The head of Ontario's neurologists said Thursday there is a lack of emergency care for brain trauma patients in the province but the government is doing little to remedy the situation.


Ontario is losing $100 million a year because of the lack of proper facilities for brain trauma patients says the president of The Association of Ontario Neurologists. (Associated Press)

In an exclusive interview with CBC News, Dr. Edwin Klimek, president of The Association of  Ontario Neurologists, said many patients who go to hospitals requiring emergency care for brain or head trauma are either not getting care soon enough or they are being sent to the U.S.

"I don't know what the problem is — lack of intensive care unit beds, lack of operating rooms, but certainly the infrastructural support is inadequate," said Klimek.

He estimates that the country loses more than $100 million a year as patients are shuttled to hospitals across the border.

Klimek has been writing letters to both the federal and provincial governments for a number of years, but has seen little action.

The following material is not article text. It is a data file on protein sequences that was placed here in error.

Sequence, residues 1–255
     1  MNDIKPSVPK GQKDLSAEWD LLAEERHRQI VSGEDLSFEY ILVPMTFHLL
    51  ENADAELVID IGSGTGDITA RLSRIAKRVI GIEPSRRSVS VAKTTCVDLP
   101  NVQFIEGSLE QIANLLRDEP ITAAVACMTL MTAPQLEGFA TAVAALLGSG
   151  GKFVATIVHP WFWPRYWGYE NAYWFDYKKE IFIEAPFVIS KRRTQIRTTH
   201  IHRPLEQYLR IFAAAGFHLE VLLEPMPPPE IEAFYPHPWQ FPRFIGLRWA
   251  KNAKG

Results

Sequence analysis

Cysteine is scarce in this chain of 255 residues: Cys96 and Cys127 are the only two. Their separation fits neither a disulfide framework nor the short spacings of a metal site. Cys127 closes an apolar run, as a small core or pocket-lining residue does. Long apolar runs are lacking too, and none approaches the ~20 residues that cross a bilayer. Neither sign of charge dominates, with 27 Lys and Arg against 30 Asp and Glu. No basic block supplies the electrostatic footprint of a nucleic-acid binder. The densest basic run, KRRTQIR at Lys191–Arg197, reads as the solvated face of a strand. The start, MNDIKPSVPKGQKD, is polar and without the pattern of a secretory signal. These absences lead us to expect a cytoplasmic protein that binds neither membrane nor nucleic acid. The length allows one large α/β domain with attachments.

Last year there were about 50 out-of-province transfers for neurosurgery, compared with 150 the previous year. But that is cold comfort to people like Emanuele Giunta, who is planning to take his father Giuseppe, who already was treated in Buffalo, back there for rehabilitation. He said the waiting list is too long in Ontario.

Giunta said the nightmare started last October when his father went to the emergency room in St. Catharines with a headache and vomiting. A scan revealed a brain bleed.

But because that hospital did not have neurosurgery facilities, he was sent to Buffalo 12 hours later. Only 11 hospitals in the province have such facilities.

In the two weeks that Giunta's father was in Buffalo, 12 other families were there from Ontario.

Giunta believes a return to Buffalo is the best option for his ailing father.

"I have faith," he said. "I believe that miracles happen."